I’m not entirely sure that the project is real, they claim to have raised $5 million US and the domain was just registered 3 days ago, but this caught my eye because I think there are some real possibilities for something like this.
Personally, I don’t have a problem with commercial blogging or professional blogging. However…their plan calls for deliberate misrepresentation of commercial interests as personal ones, on a large scale. This could be blog spam taken to the next level.
If they’re really heading off to put together an offshored blog content network, I think it could be done without heading straight for the “astroturf” market, which might give it a slower start but longer legs.
In my quick take on this idea, I’d probably choose India or Phillipines over China for basic English language skills, since the target audience is in the US, and have content editors with actual domain knowledge working with lower cost writers. This might not work for simulating teen LiveJournal sites, but should fit pretty well for topical blogs of most sorts. Hmm. That sounds like the direction the newspaper and magazine business is already heading…
Update 08-19-2005 – Followed up with more comments, plus ideas on how to build the evil astroturfing network in a new post.
I’m doing a little experimenting with AdSense. So far most of my pages come up with ads for “Start your blog now” or “Sexy Girls & Sexy Guys”. It’s interesting to see which posts trigger a keyword match. I have observed a few posts that have switched from generic blog ads to a topical ad after a followup visit from the Mediapartners-Google crawler. You’d think that a post on the Blackdog Linux Server, the Yahoo-Alibaba deal, or visiting the Mona Lisa at the Louvre would trip a keyword or two.
The banners are only on the single post templates at the moment, so you’ll need to click on a post to see them. There’s also a set of vertical text ads at the bottom of the sidebar. I can tell I’m probably going to end up starting on a round of site revisions by the time I’m done with this, although I’m just interested in getting a better handle on the advertising and affiliate space at the moment.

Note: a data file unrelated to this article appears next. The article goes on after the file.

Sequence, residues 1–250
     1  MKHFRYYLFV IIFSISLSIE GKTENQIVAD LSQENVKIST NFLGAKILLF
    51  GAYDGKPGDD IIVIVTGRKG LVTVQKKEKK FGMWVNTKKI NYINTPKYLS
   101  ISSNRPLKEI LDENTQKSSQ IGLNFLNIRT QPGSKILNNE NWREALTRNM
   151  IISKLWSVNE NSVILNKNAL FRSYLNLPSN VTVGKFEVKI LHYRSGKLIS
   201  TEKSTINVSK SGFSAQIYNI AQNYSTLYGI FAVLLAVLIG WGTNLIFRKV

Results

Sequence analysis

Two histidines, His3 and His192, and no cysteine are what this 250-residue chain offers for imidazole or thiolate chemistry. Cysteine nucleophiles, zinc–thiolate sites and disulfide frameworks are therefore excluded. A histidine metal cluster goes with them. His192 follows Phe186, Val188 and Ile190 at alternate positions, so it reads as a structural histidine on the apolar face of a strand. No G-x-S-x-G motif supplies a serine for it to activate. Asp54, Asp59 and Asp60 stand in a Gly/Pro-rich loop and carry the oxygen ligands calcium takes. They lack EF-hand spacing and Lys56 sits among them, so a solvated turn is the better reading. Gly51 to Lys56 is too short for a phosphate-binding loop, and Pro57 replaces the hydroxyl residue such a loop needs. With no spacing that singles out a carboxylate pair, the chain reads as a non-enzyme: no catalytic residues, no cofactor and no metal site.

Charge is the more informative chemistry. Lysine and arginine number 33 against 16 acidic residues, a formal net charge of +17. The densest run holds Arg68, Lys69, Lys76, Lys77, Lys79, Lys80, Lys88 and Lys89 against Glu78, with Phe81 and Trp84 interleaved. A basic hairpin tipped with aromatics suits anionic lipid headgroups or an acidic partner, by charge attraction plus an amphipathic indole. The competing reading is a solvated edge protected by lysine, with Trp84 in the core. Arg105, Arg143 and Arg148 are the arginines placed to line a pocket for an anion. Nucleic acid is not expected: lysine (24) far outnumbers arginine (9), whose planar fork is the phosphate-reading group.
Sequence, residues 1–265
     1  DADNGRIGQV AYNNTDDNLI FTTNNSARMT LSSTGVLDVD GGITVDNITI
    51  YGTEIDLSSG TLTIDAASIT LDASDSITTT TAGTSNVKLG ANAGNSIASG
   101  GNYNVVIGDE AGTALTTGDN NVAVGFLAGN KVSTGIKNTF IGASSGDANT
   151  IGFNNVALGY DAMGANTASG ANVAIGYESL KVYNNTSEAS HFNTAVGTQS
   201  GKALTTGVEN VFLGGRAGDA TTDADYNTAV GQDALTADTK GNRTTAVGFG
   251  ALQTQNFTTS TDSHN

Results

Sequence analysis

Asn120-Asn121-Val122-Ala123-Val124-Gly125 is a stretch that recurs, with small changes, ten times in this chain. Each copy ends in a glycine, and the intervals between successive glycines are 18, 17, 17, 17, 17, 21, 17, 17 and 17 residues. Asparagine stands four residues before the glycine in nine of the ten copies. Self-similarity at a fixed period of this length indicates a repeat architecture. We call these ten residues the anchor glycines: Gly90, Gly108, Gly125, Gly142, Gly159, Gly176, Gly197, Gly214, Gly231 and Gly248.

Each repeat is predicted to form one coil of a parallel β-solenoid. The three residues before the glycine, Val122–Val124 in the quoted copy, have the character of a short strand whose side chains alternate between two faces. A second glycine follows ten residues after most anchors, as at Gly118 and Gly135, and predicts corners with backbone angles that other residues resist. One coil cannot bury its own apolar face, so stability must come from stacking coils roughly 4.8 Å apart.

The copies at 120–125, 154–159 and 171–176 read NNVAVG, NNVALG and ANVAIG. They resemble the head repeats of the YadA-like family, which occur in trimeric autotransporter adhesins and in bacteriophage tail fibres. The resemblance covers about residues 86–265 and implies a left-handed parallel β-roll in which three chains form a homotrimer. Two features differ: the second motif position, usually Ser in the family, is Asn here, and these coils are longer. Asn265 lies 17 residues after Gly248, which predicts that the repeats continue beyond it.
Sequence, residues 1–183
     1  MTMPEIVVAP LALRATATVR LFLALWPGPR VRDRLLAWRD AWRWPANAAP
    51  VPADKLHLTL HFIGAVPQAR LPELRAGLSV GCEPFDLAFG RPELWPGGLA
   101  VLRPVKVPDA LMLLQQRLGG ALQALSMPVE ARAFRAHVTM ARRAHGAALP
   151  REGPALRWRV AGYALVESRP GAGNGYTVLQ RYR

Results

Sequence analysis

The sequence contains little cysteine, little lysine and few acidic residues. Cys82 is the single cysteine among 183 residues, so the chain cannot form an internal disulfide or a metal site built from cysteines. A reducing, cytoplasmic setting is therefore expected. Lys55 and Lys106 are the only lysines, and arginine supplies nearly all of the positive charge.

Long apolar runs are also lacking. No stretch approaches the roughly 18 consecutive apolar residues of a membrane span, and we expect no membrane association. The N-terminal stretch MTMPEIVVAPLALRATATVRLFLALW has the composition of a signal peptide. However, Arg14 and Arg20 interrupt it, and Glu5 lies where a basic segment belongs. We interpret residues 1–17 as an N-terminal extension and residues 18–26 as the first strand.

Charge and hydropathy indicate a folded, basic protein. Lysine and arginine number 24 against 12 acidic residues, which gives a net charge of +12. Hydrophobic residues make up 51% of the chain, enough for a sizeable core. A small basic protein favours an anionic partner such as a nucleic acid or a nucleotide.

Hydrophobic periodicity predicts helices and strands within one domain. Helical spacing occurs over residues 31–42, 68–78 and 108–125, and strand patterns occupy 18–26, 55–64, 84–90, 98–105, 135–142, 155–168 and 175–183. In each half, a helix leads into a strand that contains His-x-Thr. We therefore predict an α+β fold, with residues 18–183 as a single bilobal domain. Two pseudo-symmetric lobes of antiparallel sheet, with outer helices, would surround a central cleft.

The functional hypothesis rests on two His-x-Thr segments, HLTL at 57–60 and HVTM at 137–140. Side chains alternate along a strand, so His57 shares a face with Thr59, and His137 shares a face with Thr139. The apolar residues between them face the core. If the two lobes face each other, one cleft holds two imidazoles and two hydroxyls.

Update: 08-15-2005 23:58 – At least this post has gotten tagged with Adsense ads. It will be interesting to see which pages actually trigger clickthroughs, vs which pages get reasonable keyword tags from Adsense.
Later this week I’ll be at the Blog Business Summit in San Francisco. A discounted registration for WordPress users is available.
There’s also a WordPress update released, 1.5.2, with bug and security fixes since 184.108.40.206. It’s not a platform for everyone, but I’ve been very pleased with the high level of support, technical flexibility, and the active developer and user communities that have evolved around WordPress in the past couple of years.
I enjoy the option of changing whatever I like in the system, but also enjoy not needing to do so most of the time.
Update 2005-08-14 17:48 – A bigger discount is available for Blogger users! The WordPress discount is $400, the Blogger discount is $500. Hmm.
It’s near the end of the day here in California. All day today I’ve been getting regular updates on this morning’s terrorist bombings in London, and aside from general anger at the attackers, and sympathy and concern for the citizens of London, I’m also just realizing that I haven’t had the television on once, nor had the impulse to go check. For me, it has been irrelevant as a news source today.